Tripp Halstead doing well after surgery

by: Carl Willis Updated:

Family picture of Tripp Halstead

ATLANTA - Tripp Halstead is recovering after hours of surgery to reattach a part of his skull.

Surgeons initially had to remove the piece to relieve swelling after he was critically injured by a falling tree limb. Doctors did have to install a drainage tube as a precaution.

Now they'll monitor the swelling for two to three days to make sure they don't have to go any further.

"As long as his body starts to re-absorb the fluid how a person normally would, then he won't need that shunt, and that'll be a big step," said Tripp's father, Bill Halstead.

Tripp's mother, Stacy Halstead, told Channel 2's Carl Willis her little boy cleared a major obstacle Monday.

After more than four hours of surgeries and procedures at Children's Healthcare of Atlanta at Scottish Rite, they got word that everything went well.

"It was very nerve-wracking," Stacy Halstead said. "We were very excited that it happened, but anytime he has surgery it's very scary."

While doctors monitor Tripp in the intensive care unit, his parents relished a small treat.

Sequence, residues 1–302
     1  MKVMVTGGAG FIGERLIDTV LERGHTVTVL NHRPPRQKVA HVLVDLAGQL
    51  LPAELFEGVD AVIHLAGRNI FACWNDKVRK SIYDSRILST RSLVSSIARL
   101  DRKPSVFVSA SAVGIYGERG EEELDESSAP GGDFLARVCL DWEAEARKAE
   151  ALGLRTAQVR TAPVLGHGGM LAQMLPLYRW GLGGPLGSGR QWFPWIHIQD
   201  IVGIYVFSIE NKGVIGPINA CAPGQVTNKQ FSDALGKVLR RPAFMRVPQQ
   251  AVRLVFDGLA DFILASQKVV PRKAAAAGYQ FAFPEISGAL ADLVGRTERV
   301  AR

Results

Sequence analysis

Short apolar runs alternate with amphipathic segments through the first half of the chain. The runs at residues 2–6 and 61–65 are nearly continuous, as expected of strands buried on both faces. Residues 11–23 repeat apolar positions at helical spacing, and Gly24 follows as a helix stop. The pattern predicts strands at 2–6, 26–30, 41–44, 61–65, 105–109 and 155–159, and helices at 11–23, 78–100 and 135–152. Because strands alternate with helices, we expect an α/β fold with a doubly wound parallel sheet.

His feeding tube was moved from his mouth to his stomach, letting his parents see his face before the swelling returns.

"He looks great," said Stacy Halstead. "The swelling is gone as of right this minute. He has no tubes on his face, so we can see his sweet little face like it's supposed to be right now."

"They did warn us that's going to end today. He's going to be really swollen. So much that his eyes will be swollen shut. The bruising will show," she said.

The Halsteads said they were told to expect some restless nights as Tripp pushes through the pain, swelling and bruising from the brain surgery.

"They told us to expect more storming, because it will probably come back more severe to begin with because he'll have headaches," said Bill Halstead. "It's kind of scary, but it's part of healing, so we have to accept and deal with it."

A team also had to inject some of Tripp's muscles with Botox to help ease him through the night when his body tenses.

This family knows things will have to get worse before they get better, but they said they will continue to find strength in others.

"Just the support and the love and prayer has been amazing," said Bill Halstead.

If all goes well, Tripp could return to physical therapy by the end of the week.

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